John begins baptising

Mk 1:1-8         John teaches that people must change their lifestyle and turn away from wrongdoing if they wish to be forgiven by God. He baptises them, immersing them in the River Jordan, to show that their wrongdoings have been ‘washed away’ by the running water. Their immersion in the River Jordan also symbolises a new start and a new freedom, just as the Jewish people, after their Exodus from slavery in Egypt, had waded into the Jordan as they crossed from the eastern desert. They, too, had started a new life in the ‘promised land’ of Canaan over a thousand years earlier.

Many people from Judaea and Jerusalem flock to hear John. The road they travel from Jerusalem drops steeply for 3000 feet / 1000 metres as it crosses the hot, barren wilderness and descends to the valley floor of the River Jordan (see Fig. 1).

          Painting of John the Baptist

 

 

 

 

 

 

John the Baptist (Matthew 3:4)
(Bartolomeo Veneto, 1470-1531)

 

 

 

Jn 1:19-28      John is baptising at Bethany, on the east bank of the River Jordan when the Jewish authorities in Jerusalem send priests and levites (who minister and assist in the Temple) to question him (see 1 on Map 3). John states clearly that he is not the Messiah.

 

                   Bethany beyond the Jordan

John the Baptist could have picked any point along the River Jordan to baptise the crowds. But his chosen spot – on a winding stretch of the river, 5 miles / 8 km to the east of Jericho – was full of religious and historical significance to the Jews who flocked to hear him (see Map 3).

When John decided to baptise at the place now known as Bethany beyond the Jordan (to distinguish it from another Bethany, near Jerusalem), the site was already well known by those who read the Jewish scriptures. It was regarded as the spot where the Jewish prophet Elijah had crossed the River Jordan shortly before he was taken up to heaven (see 2 Kings 2:8).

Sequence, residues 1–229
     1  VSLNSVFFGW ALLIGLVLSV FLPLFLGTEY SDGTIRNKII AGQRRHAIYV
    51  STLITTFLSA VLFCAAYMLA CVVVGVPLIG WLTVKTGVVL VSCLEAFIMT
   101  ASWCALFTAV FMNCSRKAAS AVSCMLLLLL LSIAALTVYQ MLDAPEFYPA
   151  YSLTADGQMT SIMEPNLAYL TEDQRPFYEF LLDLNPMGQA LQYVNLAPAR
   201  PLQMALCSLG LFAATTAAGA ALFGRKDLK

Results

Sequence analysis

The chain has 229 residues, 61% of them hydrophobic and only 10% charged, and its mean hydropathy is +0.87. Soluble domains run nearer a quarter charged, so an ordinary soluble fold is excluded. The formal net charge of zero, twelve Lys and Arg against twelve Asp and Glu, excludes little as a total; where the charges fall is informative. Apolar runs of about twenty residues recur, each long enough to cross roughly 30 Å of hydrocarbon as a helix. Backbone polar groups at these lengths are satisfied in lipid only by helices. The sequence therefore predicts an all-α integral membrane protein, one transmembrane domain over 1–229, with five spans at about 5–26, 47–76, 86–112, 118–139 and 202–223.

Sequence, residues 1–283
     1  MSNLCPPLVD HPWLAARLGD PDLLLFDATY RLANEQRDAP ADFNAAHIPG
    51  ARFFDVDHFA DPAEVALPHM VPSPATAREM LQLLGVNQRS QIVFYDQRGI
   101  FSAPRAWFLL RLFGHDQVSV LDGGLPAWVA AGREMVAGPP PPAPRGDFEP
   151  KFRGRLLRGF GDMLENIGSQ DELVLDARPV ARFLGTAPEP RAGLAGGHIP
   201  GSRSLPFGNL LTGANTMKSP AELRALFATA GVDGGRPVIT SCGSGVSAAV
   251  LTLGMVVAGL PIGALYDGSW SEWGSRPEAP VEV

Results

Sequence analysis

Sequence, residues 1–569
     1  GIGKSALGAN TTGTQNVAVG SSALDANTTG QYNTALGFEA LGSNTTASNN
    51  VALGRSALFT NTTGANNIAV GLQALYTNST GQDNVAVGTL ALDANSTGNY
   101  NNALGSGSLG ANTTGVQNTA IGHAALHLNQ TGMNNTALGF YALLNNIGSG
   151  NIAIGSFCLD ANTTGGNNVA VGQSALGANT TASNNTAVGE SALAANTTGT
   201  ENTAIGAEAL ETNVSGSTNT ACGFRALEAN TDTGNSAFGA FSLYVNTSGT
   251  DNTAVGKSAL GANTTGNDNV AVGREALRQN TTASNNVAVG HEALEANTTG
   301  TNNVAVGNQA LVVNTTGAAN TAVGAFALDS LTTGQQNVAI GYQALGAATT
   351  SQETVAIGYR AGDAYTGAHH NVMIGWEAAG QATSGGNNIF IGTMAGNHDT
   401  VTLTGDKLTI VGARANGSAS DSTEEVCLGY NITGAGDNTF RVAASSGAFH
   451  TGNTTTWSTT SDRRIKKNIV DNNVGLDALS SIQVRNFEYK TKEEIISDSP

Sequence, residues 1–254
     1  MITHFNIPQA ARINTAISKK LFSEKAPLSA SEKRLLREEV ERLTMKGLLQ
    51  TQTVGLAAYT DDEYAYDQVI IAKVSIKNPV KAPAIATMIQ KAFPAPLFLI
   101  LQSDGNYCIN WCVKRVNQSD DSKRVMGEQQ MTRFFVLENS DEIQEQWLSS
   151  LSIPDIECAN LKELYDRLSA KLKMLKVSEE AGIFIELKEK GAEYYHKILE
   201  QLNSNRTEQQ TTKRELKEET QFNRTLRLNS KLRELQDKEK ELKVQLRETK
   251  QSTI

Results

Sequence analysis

It was widely believed in John’s day that the prophet Elijah would return to herald the coming of the Messiah or Christ – God’s anointed one (see Malachi 4:5). So it was a highly symbolic act for John to baptise at this very spot and to point his followers to the coming of Jesus, whom John declared to be “the Lamb of God, who takes away the sin of the world!” (John 1:29).

Visitors to Bethany beyond the Jordan, in modern-day Jordan, can view the extensive archaeological remains that have been excavated in the vicinity of Elijah’s Hill (Tell Mar Elias) and Bethany (Tell al-Kharrar) since 1996. These include a 3rd century Roman building with a beautiful mosaic floor (which may have been used by early Christians) and a 5th century Byzantine monastery with numerous chapels and pools for baptising believers. In addition to the modern Greek Orthodox Church of St John, there are also the remains of four other early Byzantine churches with baptistries close to the river, where modern facilities for baptisms have also been provided.

 

Bethany beyond the Jordan - remains of baptismal site (Jean Housen)

Remains of an ancient baptismal site at Bethany beyond the Jordan   (Jean Housen)

 

John baptises Jesus

Jn 1:29-36      The next day, John sees Jesus coming towards him and testifies that Jesus is the one for whom he is preparing the way: “Look, the Lamb of God, who takes away the sin of the world!” (John 1:29) (see Isaiah 53:7, Exodus 12:3-11 & 21-23 and 1 Corinthians 5:7).

 

Matt. 3:13-17 Jesus (who, at thirty-one or thirty-two, is about six months younger than John) has come from Galilee. John baptises him in the River Jordan in the summer of 26AD. The Spirit of God descends on Jesus like a dove, and a voice from heaven says, “This is my Son, whom I love, and I am very pleased with him” (Matthew 3:17).

 

Jn 3:22-36      The following summer, John is baptising in the River Jordan at Aenon, near Salim (see 2 on Map 3), “because there was plenty of water there” (John 3:23). Jesus and his disciples are also baptising nearby in “the area of Judaea” (John 3:22). One of John’s disciples complains that people are flocking to see Jesus. John replies, “He must become greater, and I must become less important” (John 3:30).

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